I’m always surprised by how much I learn about our school from our prom. We recently held our prom earlier than most schools due to Ramadan, as we wanted more of our Muslim students to be able to attend.
Our high school is a school for newcomer English Language Learners from all over the world who have been in the USA less than 4 years. The students are excited by the idea of the prom but they don’t have a strong expectation of what it should be so there’s no comparison or disappointment.
Last week, I saw my school through new eyes.
We had a visit of 11 first-year teachers from other high schools, part of a new teacher support initiative in the Bronx. My school was one of 15 schools chosen for the visit with a focus on teaching methods for English Language Learners, as the majority of our students are newcomer immigrants who are learning English.
I told my leadership consultants, Ariel and Shya Kane, about the visit. “First-year teachers? They’re going to compare themselves if they feel insecure,” said Ariel. “Set them up to not compare, and look at your school with a beginner’s mind so they can learn.” Continue reading
I remember my school having a Career Day when I was in 10th grade. I eagerly signed up for journalism, picturing an exciting, glamorous session around undercover reporting. At the end of the day, I was clear that I didn’t want to be a journalist. Getting clearer on what I didn’t love got me interested in other careers. The experience was invaluable.
This past Friday, my school held its first-ever Career Day.
I walked into the auto mechanic presentation. Joe, a friend of mine, had brought a huge bag of tools from his auto shop and laid them out on a table. A student, Yonas, who immigrated from Eritrea last year, looked fascinated. * Continue reading
I always thank the substitute teachers who come to my school. It’s a tough job even with the best-laid plans, and requires a lot of thinking on your feet. In our school, the majority of students are English Language Learners, and subs need to find creative ways to communicate and get the students engaged in their work.
Thirteen years ago, I had the most unusual subbing experience of my life. From 2004-2005, I lived in South Korea teaching English at a university. During one my school vacations, I travelled to Thailand. A teacher I knew suggested I volunteer to teach a guest lesson at local school as a way to “give back” during my vacation. I thought it was a great idea.
Self-portrait created by a student at the High School of Language and Innovation.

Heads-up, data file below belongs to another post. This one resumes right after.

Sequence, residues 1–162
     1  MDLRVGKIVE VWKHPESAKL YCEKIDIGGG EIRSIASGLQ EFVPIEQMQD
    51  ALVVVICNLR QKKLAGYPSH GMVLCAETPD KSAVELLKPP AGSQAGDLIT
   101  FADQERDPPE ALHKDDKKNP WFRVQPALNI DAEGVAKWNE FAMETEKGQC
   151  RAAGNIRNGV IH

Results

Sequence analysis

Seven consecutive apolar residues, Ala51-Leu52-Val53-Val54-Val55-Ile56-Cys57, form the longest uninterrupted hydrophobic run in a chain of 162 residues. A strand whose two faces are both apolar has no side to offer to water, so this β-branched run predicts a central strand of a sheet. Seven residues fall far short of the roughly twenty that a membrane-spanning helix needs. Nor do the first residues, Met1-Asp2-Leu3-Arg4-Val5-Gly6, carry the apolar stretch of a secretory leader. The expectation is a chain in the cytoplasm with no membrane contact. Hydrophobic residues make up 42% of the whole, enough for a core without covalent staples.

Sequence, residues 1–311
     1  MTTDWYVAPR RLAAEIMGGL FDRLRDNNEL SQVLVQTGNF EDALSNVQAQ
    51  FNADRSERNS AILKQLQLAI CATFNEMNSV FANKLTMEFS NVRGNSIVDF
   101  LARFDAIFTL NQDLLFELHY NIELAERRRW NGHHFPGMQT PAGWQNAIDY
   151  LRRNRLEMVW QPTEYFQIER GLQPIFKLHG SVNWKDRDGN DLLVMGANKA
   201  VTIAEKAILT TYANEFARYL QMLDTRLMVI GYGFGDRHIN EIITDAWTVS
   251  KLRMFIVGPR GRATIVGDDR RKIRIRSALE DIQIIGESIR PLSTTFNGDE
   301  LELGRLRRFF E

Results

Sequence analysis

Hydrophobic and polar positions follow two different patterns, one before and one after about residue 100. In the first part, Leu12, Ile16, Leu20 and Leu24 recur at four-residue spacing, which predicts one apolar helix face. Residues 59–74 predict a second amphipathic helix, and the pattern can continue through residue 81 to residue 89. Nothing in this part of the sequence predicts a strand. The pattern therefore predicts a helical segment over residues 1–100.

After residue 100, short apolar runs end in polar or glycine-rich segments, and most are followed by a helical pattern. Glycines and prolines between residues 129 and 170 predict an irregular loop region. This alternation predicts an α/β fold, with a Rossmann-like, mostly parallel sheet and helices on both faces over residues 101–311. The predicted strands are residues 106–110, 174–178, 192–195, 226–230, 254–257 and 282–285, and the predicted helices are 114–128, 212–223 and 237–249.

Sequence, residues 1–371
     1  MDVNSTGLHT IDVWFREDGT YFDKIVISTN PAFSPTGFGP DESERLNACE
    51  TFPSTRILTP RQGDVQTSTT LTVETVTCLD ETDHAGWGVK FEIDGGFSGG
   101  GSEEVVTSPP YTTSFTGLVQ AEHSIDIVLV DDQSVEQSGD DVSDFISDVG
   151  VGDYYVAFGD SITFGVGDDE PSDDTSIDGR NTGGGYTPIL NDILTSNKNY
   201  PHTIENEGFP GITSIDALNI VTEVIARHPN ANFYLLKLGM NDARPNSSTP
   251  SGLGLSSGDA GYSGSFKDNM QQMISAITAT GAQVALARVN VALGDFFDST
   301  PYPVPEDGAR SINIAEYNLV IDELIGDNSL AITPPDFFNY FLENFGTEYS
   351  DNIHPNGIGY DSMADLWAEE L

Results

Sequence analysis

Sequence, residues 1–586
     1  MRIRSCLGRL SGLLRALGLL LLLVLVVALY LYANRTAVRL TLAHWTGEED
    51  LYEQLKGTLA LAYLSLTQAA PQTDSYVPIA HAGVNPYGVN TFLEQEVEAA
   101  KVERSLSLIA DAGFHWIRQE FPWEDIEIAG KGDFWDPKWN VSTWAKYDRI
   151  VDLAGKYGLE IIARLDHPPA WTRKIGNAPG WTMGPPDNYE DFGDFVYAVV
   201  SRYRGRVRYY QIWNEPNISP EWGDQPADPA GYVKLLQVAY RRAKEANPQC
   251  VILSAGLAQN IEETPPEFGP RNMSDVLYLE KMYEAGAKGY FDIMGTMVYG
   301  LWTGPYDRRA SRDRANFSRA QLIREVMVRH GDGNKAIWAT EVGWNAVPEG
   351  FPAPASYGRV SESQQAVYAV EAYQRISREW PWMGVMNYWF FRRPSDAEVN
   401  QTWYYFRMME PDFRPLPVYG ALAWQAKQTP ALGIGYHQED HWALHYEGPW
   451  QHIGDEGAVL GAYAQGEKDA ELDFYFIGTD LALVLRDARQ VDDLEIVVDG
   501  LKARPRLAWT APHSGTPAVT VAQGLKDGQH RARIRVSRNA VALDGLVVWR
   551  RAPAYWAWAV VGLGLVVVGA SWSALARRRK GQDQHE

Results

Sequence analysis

“I don’t like social studies class,” Michael told me. Michael is a 9th-grade student from the Dominican Republic. “The kids at my table speak Arabic too much.”
Looking in on a class in my school, you’ll see groups of students composed of different cultures sitting together. Our school is for English Language Learners from all over the world. Complaints and situations like Michael’s are common, especially in 9th grade when many of the students are recent arrivals to the country meeting different cultures for the first time. We purposefully group students of different cultures together to promote the use of English, which can be tough at first as students are learning the language.
The cafeteria is a different story from the classroom. Continue reading
Me at age 16, the day I got my driver’s license.
On March 14, students across the nation are planning a walkout to honor the victims of the Parkland, Florida shooting. The recent surge of student voice has gotten me thinking about how much responsibility and trust we give, or don’t give, to teenagers. How capable are teenagers? How reliable are their opinions? How smart are their decisions?
In high school when I was 16, I had a Driver’s Education class which meant that I got to practice driving once a week instead of going to one of my regular classes. At first, my instructor just had me drive around the school parking lot, but as I got more experienced, we’d drive on highways and busier roads.
One day when I got into the car, my instructor asked me, “Do you have your learner’s permit?” Continue reading
As our nation discusses the idea of arming teachers, I’ve been thinking about a teacher’s ability to see and hear the many things happening in a classroom.
Years ago, I was working in a school where a teacher left in November due to illness. A few days later, a new teacher was hired to fill the position. The students in the class were struggling, and even though they were compassionate about the situation, they were upset. And hungry for structure.
I met the new teacher the morning she was starting her new job. She had a lesson plan. She’d be entering the classroom in an hour. There were so many things she needed to do on that first day to establish structure. Where to start? Continue reading